Cryptic Studios and Star Trek Online recently started an open beta for the enabled native Mac client for STO. We are proud to announce that the Mac client is now out of beta and LIVE! This new feature was the culmination of a lot of work from our core software team, in conjunction with our partners at Transgaming. The journey for converting STO, a game that was completely developed for PC architecture, to work with Mac was a long and interesting process.
Cryptic has wanted to get a Mac client up and running since STO launched. We knew there was a market since people took it upon themselves to make their own version of a client that ran on Mac, and we knew that going forward we’d want to support Mac as a company. Once we were well past free to play and we realized we were in a position to actually make a proper conversion happen the team jumped at the opportunity. While we knew that we wanted to convert our game to run on Macs we lacked the Mac architecture expertise internally to actually completely convert the game on our own.
We began to look into third-party companies that assist with these sorts of updates and came across Transgaming who makes a windows “interpreter” called Cider. It acts as a translator from Windows-specific functions to instructions that the Mac can understand, and they customize this for each game port. We decided to work together and we spent months collaborating on the conversion process. On the Cryptic side of things, we had to adjust some of our rendering code to work on the Mac as they use OpenGL and Cryptic utilizes DirectX. We compiled some shaders on the fly for both Windows and Mac and, if all goes correctly, it should be the same set of shaders for both.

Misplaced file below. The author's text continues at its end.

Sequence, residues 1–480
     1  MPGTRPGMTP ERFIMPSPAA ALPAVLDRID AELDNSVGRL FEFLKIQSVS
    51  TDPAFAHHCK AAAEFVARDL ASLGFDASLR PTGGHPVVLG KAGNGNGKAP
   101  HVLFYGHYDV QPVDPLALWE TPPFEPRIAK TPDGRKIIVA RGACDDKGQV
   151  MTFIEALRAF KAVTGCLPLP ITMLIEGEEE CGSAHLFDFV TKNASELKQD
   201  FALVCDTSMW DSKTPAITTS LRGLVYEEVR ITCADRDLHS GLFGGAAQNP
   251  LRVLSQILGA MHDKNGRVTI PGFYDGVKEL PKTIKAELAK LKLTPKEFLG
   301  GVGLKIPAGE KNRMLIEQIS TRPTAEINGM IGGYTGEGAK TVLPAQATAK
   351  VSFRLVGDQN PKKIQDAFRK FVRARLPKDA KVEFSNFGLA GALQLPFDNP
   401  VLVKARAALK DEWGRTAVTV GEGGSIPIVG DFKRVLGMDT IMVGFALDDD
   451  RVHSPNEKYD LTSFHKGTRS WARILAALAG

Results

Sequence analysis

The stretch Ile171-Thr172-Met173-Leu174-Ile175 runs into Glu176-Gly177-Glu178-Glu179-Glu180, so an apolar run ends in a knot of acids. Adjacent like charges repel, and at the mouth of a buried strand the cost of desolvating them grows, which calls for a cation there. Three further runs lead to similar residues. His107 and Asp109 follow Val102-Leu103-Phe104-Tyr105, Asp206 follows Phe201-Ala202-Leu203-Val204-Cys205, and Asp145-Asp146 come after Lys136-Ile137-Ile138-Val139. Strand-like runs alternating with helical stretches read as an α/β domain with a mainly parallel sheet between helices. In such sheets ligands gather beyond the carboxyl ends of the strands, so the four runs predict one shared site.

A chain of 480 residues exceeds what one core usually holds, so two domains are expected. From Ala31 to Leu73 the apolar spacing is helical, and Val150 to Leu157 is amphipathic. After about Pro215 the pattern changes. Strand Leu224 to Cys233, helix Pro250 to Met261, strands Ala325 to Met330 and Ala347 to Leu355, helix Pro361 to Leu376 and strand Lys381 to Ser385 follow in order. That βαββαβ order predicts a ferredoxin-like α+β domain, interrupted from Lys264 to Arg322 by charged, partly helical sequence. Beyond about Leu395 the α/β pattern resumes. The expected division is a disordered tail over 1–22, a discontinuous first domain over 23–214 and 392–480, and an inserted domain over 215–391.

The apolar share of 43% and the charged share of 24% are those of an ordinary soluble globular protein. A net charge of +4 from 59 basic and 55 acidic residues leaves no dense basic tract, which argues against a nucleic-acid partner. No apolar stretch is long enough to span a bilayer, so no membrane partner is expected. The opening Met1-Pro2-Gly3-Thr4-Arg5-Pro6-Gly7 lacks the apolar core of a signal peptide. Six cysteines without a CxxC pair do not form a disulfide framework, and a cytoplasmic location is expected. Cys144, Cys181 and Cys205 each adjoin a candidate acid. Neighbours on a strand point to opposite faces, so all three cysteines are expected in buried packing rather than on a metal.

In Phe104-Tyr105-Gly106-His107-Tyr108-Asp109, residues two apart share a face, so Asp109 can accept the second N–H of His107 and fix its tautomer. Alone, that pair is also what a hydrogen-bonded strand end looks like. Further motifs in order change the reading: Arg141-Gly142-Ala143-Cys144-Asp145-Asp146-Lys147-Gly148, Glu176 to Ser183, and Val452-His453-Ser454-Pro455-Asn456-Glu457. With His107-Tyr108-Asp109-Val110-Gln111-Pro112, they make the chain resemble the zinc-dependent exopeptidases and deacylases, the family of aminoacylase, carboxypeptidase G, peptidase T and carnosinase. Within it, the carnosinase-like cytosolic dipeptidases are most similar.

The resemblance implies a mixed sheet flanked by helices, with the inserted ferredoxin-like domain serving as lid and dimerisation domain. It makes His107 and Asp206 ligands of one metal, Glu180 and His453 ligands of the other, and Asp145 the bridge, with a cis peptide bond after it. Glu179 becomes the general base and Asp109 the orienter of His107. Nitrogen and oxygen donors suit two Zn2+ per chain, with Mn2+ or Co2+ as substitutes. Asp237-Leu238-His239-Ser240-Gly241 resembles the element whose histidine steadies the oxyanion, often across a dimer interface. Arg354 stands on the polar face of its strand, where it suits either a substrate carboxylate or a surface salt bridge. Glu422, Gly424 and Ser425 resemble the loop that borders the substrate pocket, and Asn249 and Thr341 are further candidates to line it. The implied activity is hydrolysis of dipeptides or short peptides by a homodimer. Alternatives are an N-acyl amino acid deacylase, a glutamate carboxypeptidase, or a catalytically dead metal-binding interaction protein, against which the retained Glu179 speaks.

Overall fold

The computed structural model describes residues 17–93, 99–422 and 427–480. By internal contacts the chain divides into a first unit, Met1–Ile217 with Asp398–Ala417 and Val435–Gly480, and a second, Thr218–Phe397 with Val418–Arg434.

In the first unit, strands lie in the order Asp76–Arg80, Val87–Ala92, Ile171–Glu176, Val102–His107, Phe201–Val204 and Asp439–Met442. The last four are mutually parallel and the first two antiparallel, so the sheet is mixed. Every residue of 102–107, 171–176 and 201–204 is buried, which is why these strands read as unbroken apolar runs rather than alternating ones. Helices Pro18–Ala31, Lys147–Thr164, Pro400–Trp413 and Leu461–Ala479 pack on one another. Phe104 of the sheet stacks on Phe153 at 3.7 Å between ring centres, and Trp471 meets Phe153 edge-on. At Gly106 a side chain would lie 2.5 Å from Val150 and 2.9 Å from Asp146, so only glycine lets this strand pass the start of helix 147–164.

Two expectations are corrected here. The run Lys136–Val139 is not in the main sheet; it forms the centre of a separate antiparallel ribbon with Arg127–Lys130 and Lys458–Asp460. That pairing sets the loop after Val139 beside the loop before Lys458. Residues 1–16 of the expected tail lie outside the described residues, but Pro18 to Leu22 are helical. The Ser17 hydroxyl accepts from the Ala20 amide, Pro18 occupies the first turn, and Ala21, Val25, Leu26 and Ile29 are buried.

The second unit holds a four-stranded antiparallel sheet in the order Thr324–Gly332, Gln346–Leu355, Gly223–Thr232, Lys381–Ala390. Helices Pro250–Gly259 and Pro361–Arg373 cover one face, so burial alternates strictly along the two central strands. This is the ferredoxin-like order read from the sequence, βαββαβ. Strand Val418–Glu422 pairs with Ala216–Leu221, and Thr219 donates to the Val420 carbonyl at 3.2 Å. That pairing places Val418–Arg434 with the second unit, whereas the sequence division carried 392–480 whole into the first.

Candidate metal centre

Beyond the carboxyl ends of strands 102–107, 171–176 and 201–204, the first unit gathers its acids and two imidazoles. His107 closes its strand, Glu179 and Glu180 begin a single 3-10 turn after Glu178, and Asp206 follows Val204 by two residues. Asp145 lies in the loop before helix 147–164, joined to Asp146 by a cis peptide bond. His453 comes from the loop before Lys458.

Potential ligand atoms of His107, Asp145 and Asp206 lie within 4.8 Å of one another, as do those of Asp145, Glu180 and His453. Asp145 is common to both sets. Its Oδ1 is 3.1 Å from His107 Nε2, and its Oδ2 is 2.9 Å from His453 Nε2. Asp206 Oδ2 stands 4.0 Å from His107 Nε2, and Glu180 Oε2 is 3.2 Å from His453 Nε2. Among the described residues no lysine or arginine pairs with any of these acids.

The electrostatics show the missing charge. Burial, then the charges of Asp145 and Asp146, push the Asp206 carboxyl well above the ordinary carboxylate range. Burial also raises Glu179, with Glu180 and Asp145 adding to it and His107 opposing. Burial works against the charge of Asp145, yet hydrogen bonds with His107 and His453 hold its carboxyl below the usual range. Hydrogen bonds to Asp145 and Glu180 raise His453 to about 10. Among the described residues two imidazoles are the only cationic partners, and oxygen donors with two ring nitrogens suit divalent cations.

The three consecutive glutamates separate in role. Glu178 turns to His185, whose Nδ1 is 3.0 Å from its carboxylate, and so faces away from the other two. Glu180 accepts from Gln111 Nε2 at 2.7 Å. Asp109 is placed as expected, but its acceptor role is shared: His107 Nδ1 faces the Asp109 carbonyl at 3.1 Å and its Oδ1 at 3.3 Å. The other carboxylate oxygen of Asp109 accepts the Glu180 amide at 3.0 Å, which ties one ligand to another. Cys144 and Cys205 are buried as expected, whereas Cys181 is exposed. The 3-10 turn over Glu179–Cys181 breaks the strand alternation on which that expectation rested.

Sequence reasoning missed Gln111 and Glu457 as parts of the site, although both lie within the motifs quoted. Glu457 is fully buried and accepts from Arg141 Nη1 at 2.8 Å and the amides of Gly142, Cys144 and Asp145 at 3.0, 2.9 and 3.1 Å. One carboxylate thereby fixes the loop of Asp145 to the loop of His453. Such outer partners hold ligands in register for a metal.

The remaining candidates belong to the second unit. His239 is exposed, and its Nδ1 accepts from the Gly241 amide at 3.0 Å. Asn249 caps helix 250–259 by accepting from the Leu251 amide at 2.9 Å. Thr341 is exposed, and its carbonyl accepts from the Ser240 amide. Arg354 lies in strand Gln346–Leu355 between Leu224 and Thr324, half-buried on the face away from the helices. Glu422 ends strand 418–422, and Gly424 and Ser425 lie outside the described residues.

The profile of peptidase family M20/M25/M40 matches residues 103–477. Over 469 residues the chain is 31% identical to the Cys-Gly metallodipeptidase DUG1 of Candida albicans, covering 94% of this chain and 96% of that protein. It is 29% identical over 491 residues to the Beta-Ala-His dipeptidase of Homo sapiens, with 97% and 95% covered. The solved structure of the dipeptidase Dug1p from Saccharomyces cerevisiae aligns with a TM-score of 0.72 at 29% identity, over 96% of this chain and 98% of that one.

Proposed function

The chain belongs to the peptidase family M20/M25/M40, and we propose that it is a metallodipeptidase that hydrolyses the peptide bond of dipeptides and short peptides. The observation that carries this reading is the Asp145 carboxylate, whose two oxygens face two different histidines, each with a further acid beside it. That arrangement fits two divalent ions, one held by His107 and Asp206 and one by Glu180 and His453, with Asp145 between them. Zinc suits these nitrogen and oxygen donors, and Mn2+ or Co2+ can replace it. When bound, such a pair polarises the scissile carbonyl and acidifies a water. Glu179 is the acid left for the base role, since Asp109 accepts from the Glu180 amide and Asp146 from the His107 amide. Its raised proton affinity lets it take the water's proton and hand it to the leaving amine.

We've tried to compile almost all the shaders we think we need on the builders, but with with the DirectX compiler as a fall back just in case. Though, we do end up hitting those fallback cases quite often. Right now, we always compile a small set of vertex shaders on the user's machines as well. Transgaming actually had to update some parts of their engine for our conversion to reduce some Windows systems dependencies. One of the nice parts of the Cider port is that we dropped the Internet Explorer dependency for our launcher. This was a major sticking point for WINE users on both Linux and Mac that made the game difficult to install. Now the game works pretty much "out of the box" on Linux under WINE. This phase was truly collaborative and both sides had to make changes and be flexible to get this critical side of the process finished.
In addition to game-side changes, we also had to create a brand new interface for Cryptic’s error handling and reporting software since those were dependent on Windows functionality. This task was something that is easily overlooked but becomes pretty necessary when crashes start rolling in with no dumps. Once that was complete we were finally able to get this delivered to our internal QA team. We stocked up on a few Macs with the spectrum of our recommended operating systems and they went to work. After a couple of months of internal testing we were able to get it up on our test shard. The response has been fantastic and we’re incredibly excited to make our game available to the Mac community.